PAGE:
As for the epi pen, why doesnt a gp prescribe them? my daughter has severe allergies to milk and egg and her consultant has wanrned us many times about what could happen if we dont carry her epi pens.It seems mad that they arent prescribed!

anyway my rant over, its good to be able to catch up with everything thats been going on with you, got a release date for the book yet?

oliviascotland said...

I'm so with you on the epipen subject - my daughter has a serious allergy, with swelling and occasional difficulty in breathing, and we were told by the Allergy Consultant that it IS a true allergy, and may develop into anaphylaxis at any time, BUT we don't get an epipen. I know I can use a half dose of mine if push comes to shove (and if I'm with her!), but it's not an ideal situation. There's only so much that Piriton can cope with .....

PeskyResponder said...

Slightly off topic, but a slightly bizarre policy @ work...
One of our workers has an epipen. However, our insurance policy at work states that no-one is to use an epipen, unless they are 'trained and qualified' to do so!
This to me seems completely absurd, and needless to say, we have all stated to the man in question, that in the event of him needing the pen and unable to do so himself, we WILL administer it, putting the pen back in his hand, pretending we didn't!

Kieran said...

Hey, i've just read over your blog and found it very interesting and informative. I'm currently studying a Health Diploma qualification and hope to further my education by studying at Sheffield Hallam (Paramedic Science) and to one day eventually become a paramedic- my cousin is a Doctor and always speaks highly of his job and how much he enjoys his work. I just wanted to say thanks for posting this blog, i'm sure it'll be a lot of help to any teenager hoping to one day become a paramedic, as it has been to myself.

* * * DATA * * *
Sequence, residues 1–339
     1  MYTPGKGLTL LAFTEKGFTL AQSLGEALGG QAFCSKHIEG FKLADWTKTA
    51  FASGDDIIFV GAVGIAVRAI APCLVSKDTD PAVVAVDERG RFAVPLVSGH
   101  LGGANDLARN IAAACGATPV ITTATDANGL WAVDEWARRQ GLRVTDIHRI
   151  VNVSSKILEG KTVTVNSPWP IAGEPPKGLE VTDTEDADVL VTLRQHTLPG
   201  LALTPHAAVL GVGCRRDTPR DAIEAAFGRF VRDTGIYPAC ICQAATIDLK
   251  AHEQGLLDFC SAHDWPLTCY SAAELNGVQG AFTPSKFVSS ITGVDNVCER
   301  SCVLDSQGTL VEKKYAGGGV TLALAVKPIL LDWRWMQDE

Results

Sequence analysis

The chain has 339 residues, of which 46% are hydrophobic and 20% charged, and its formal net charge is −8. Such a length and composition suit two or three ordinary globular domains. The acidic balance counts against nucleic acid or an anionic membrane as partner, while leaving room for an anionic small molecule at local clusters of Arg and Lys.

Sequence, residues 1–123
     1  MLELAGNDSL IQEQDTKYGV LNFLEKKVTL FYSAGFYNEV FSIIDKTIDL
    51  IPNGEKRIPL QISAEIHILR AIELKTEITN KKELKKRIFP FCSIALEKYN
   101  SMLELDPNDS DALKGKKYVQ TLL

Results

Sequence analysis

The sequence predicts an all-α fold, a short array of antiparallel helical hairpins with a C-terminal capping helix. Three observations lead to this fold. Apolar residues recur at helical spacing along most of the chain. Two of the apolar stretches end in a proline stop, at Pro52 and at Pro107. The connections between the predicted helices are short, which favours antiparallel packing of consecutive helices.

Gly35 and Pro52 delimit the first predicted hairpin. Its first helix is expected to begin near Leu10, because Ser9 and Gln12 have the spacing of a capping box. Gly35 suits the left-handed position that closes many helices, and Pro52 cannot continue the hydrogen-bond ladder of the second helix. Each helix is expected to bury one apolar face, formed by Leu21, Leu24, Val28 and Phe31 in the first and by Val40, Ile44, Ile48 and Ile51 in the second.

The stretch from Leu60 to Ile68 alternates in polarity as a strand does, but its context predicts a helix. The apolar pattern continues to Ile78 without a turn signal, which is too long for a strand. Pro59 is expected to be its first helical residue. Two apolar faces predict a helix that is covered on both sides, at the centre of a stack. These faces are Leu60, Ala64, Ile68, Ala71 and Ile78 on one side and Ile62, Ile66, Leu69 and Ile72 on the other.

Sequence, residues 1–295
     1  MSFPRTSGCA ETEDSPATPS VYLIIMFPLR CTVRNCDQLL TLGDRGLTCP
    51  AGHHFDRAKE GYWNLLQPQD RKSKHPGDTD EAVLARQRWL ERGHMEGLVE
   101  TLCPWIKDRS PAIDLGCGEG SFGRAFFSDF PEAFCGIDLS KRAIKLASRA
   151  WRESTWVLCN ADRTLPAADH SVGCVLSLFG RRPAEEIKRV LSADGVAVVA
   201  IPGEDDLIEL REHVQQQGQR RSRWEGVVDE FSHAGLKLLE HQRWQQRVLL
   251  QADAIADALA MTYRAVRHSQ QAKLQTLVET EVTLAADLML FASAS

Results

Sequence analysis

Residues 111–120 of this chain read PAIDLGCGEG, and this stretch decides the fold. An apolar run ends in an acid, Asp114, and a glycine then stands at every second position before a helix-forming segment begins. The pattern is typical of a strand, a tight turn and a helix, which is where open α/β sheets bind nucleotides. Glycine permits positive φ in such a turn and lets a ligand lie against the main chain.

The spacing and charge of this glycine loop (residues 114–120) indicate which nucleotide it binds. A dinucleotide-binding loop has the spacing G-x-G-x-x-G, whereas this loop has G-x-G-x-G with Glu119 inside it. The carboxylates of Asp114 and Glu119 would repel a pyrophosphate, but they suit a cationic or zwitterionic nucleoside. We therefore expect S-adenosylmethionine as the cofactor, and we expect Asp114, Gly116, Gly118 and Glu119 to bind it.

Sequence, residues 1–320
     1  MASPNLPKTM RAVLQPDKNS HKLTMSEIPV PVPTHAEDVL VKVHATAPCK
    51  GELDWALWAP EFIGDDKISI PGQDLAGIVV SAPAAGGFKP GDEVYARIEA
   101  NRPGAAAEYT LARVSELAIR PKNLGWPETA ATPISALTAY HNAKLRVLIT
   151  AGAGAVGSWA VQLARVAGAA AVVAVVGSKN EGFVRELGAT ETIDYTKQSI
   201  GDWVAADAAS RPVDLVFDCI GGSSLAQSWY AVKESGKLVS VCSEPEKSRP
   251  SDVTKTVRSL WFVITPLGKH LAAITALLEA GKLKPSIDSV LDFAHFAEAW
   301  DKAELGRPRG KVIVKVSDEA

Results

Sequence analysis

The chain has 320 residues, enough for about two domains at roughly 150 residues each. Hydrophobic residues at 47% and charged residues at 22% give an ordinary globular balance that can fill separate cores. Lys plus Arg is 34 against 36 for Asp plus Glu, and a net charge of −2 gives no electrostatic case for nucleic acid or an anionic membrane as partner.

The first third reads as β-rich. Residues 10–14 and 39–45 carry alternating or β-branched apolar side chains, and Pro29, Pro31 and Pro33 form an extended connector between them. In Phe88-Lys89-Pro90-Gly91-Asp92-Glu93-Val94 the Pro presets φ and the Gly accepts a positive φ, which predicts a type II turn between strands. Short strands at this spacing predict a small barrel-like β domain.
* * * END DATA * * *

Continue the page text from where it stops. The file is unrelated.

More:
Minty said...

Last week i had the dubious pleasure of seeing the inside of our local A & E- my little boy hasn't been too well at all. I'd suggest he was one of the very few sober paitents there (at 9 months he bloody well should be).
Amazed me the number of people staggering around the waiting area.

Xf said...


It is difficult deciding on a fool-proff method of fining people. If they are taken to hospital to sober up then they can be charged a fee for their stay. Most of them would pay and learn a lesson but the alcoholics of our society would not, of course.

Anonymous said...

I can sympathise with your frustration over the reluctance of GPs to prescribe epipens. I am allergic to wasp stings and the reaction becomes more severe each time I am stung. Naturally I wear an insect repellant and take every measure possible to avoid wasps but it's not always as easy as it sounds. The advice from the doctor? If you get stung, take an antihistamine and call an ambulance, letting his practice off the hook re. funding i suppose.

Xf said...


I also know that people are being advised to take a piriton and 'see how it goes'. Highly risky in my book but I haven't heard from any dorctors yet to explain why there is a reluctance to prescribe.

Xf said...

On the subject of Epipens

I forgot to answer those of you who enquired about the use of Epipens. The Prescription Medicines Act has an amendment containing a list of emergency drugs that CAN be given by ANYONE (trained or not) to save a life. One of those drugs is Epinephrine -the drug in an Epipen.

The instructions are on the damned thing and it is unlikely you will cause harm by giving it mistakenly but it is always a good idea to get training, although this is not a legal requirement.

If your employer tells you not to give it then I'm afraid they rule the roost at work and you can't disobey. However, the Press will have a field day if it is discovered that someone died and you were told not to try and help.

Litigation, litigation, that's all everyone is worried about these days. People die of litigation.